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« July 2002 | Main | September 2002 »

How much does style cost?

I spent last weekend in the vast cultural wasteland that is known as Hershey, Pennsylvania.

This is the epicenter of cheap chocolate. More than that, though, it demonstrates a really important principle about design, style and the quest for the remarkable.

Hershey Park is roller coaster heaven. There are wood coasters, metal coasters, coasters that get you soaking wet and coasters for kids. If the point of an amusement park is to offer lots and lots of rides, Hershey Park has it nailed.

But spending even an hour at the park is fatiguing. It’s not just boring, it’s actually demoralizing. Part of this is due to the huge crowds, but hey, it’s a business and they make their money selling tickets, so they’re entitled...

More than ten years ago, Philip Crosby changed the world of manufacturing with his provocatively titled book, “Quality is Free”. The thesis of the book was that it’s actually CHEAPER to make stuff right the first time than it is to fix them later.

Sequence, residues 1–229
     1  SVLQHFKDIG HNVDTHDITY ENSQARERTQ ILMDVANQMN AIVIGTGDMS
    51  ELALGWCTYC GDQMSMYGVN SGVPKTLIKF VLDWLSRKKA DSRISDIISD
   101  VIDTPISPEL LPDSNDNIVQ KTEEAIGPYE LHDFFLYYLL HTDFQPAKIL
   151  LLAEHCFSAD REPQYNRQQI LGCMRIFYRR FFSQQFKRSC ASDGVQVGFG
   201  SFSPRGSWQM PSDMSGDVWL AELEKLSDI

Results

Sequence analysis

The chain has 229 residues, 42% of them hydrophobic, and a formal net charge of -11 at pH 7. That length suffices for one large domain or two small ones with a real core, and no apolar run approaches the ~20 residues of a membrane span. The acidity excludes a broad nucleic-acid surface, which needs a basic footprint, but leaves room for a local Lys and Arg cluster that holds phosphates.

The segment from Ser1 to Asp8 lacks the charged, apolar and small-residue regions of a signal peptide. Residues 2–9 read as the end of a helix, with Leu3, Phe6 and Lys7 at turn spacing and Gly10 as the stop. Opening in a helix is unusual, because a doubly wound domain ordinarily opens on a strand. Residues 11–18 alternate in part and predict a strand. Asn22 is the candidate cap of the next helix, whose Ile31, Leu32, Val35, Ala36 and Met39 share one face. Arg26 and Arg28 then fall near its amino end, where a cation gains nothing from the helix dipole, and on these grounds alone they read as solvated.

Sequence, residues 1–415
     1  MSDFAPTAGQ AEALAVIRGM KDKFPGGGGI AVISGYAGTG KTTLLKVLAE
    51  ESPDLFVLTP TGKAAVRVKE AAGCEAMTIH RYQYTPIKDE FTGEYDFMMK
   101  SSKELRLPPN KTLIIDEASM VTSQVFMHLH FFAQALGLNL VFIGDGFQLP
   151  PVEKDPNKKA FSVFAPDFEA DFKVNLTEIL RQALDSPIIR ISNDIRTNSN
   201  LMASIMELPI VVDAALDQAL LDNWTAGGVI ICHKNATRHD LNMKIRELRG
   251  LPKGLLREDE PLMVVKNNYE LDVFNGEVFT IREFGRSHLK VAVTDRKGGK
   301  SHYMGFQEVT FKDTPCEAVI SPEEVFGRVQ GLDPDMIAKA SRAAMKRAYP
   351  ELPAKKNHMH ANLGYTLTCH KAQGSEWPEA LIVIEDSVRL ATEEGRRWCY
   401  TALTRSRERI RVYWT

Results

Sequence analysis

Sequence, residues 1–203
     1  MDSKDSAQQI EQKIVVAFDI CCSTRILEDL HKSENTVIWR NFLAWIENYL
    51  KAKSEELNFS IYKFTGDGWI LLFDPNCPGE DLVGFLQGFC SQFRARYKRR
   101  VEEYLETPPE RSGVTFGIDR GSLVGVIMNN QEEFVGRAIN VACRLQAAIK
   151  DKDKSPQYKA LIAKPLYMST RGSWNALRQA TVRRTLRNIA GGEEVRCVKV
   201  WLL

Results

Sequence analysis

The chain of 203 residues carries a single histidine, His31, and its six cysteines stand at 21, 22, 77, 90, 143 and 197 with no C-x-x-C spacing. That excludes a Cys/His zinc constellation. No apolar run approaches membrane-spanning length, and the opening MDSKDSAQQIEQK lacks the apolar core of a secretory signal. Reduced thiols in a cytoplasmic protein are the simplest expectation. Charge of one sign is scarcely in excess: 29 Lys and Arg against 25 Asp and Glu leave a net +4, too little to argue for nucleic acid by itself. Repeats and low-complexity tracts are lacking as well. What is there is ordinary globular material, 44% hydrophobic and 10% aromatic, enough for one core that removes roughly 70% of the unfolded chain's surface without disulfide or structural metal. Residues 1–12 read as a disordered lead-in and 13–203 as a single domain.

In other words, you can make a profit by making your product better. While this seems to be commonsense today, it sure wasn't then. We were manufacturing junk, because it was fast and we thought it was cheap. The Japanese taught us that it was even cheaper to make stuff that worked.

Well, here’s the corrollary: STYLE IS FREE.

Let me give you some examples from Hershey Park:

Every ride has a few signs you’re expected to read before you get on. The signs are a necessary expense, but that doesn’t explain why they are so ugly. For example, every sign about safety is WRITTEN IN ALL CAPITAL LETTERS, WITH TIGHT LINE SPACING AND A UNATTRACTIVE, HARD TO READ FONT. Other signs are in gold, in green, in black. Every sign, just about, is different from every other.

The cost of making each sign attractive is precisely zero. Same amount of ink, same amount of wood. Yet if more people read the signs, injuries would decrease, lines would move faster and Hershey would make more money.